Problem SituationsAddition and subtraction problems can be posed in many different ways. Students must be able to solve problems of any situation.

Problem Solving everyday
Problem solving is not an isolated activity. It doesn't occur every Friday. Instead problem solving is a skill that favors every mathematics lesson. Problem solving is more than just one-step word problems. Problem solving should feature risk tasks, authentic purposes, and multiple ways to be solved.

More than Words

Solving problems goes beyond mathematics presented as word or story problems. Problem solving is the act of finding a solution when a method for solution is not obvious. It can be story problems or simply open-ended questions. These problem solving decks from the North Carolina State Department of Education offer wonderful opportunities for thinking and solving problems.

Avoiding key words 1. Key words are misleading. Some key words typically mean addition or subtraction. But not always. Consider: There were 4 jackets left on the playground on Monday and 5 jackets left on the playground on Tuesday. How many jackets were left on the playground? "Left" in this problem does not mean subtract.

2. Many problems have no key words. For example, How many legs do 7 elephants have? does not have a key word. However, any 1st grader should be able to solve the problem by thinking and drawing a picture or building a model.

3. It sends a bad message. The most important strategy when solving a problem is to make sense of the problem and to think. Key words encourage students to ignore meaning and look for a formula. Mathematics is about meaning (Van de Walle, 2012).

Solving Problems Relies on Thinking and Making Sense. Context Helps Make Meaning.
Context helps students make meaning to solve problems. The story problem links below can be connected to a variety of children's literature titles to build context. There are examples of each story structure for each context/theme. Story structures adapted from CGI, 1998. Spaces for quantity are left blank intentionally. Please use numbers that your students are appropriate for your students.

Developing Problem SolversProblem SituationsAddition and subtraction problems can be posed in many different ways. Students must be able to solve problems of any situation.

Problem Solving everydayProblem solving is not an isolated activity. It doesn't occur every Friday. Instead problem solving is a skill that favors every mathematics lesson. Problem solving is more than just one-step word problems. Problem solving should feature risk tasks, authentic purposes, and multiple ways to be solved.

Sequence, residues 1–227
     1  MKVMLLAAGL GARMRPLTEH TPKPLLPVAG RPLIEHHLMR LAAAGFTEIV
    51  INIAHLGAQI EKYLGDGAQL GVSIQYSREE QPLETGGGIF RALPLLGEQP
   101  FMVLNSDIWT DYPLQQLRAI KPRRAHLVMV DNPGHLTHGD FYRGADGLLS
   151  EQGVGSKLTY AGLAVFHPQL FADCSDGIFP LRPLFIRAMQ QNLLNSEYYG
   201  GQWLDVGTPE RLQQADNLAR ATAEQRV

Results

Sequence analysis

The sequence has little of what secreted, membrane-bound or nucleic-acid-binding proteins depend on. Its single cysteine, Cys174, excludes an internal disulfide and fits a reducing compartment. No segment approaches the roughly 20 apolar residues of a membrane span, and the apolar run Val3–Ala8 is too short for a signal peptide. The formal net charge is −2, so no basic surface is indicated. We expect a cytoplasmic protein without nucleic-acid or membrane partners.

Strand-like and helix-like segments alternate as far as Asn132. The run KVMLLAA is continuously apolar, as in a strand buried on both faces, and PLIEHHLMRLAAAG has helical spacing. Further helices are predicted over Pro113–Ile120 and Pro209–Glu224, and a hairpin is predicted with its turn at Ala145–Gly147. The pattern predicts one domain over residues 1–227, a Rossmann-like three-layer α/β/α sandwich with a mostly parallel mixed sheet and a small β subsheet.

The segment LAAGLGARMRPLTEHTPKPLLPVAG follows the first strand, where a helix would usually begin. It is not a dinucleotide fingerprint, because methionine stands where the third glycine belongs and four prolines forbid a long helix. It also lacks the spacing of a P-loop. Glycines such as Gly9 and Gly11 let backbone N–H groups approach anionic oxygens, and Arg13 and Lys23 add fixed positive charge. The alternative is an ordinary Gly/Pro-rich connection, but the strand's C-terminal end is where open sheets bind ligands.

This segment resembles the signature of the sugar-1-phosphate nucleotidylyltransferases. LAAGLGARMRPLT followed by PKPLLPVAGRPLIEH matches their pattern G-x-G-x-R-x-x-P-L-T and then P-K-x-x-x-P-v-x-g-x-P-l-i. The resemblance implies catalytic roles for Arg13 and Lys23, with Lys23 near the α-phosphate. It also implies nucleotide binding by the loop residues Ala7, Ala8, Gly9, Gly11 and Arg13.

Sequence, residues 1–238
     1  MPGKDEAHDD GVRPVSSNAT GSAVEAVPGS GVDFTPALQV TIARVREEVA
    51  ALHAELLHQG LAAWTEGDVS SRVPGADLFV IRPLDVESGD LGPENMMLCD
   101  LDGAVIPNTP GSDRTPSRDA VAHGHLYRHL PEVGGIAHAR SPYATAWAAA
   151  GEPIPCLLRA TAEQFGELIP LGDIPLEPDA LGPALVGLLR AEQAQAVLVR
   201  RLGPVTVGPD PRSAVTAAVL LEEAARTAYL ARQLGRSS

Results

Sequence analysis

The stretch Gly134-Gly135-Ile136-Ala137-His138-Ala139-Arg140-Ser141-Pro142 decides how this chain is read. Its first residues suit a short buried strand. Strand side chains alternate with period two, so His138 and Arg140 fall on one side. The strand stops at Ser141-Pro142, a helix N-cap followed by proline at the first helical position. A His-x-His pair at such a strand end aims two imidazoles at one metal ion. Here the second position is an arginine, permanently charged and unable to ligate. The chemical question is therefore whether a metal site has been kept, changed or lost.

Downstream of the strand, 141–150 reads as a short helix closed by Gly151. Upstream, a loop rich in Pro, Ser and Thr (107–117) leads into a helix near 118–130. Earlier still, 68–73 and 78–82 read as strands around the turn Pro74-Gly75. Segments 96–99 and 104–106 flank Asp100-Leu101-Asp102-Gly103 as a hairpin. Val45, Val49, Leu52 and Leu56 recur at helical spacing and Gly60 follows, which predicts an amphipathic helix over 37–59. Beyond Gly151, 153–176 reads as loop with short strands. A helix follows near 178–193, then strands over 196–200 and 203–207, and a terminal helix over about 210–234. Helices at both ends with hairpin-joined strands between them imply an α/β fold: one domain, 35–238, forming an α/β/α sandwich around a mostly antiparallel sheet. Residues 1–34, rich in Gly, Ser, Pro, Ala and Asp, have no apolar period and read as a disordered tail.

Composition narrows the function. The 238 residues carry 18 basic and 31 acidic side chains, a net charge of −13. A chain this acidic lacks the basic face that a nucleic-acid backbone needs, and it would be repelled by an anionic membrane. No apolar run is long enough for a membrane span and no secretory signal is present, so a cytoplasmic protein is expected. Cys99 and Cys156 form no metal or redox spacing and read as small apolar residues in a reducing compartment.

More than WordsSolving problems goes beyond mathematics presented as word or story problems. Problem solving is the act of finding a solution when a method for solution is not obvious. It can be story problems or simply open-ended questions. These problem solving decks from the North Carolina State Department of Education offer wonderful opportunities for thinking and solving problems.

Deck A: Grades 1-2

Deck A: Grades 1-2 (Student Copy)

Avoiding key words1. Key words are misleading.Some key words typically mean addition or subtraction. But not always. Consider: There were 4 jackets left on the playground on Monday and 5 jackets left on the playground on Tuesday. How many jackets were left on the playground? "Left" in this problem does not mean subtract.2. Many problems have no key words.For example, How many legs do 7 elephants have? does not have a key word. However, any 1st grader should be able to solve the problem by thinking and drawing a picture or building a model.3. It sends a bad message.The most important strategy when solving a problem is to make sense of the problem and to think. Key words encourage students to ignore meaning and look for a formula. Mathematics is about meaning (Van de Walle, 2012).Solving Problems Relies on Thinking and Making Sense. Context Helps Make Meaning.Context helps students make meaning to solve problems. The story problem links below can be connected to a variety of children's literature titles to build context. There are examples of each story structure for each context/theme. Story structures adapted from CGI, 1998. Spaces for quantity are left blank intentionally. Please use numbers that your students are appropriate for your students.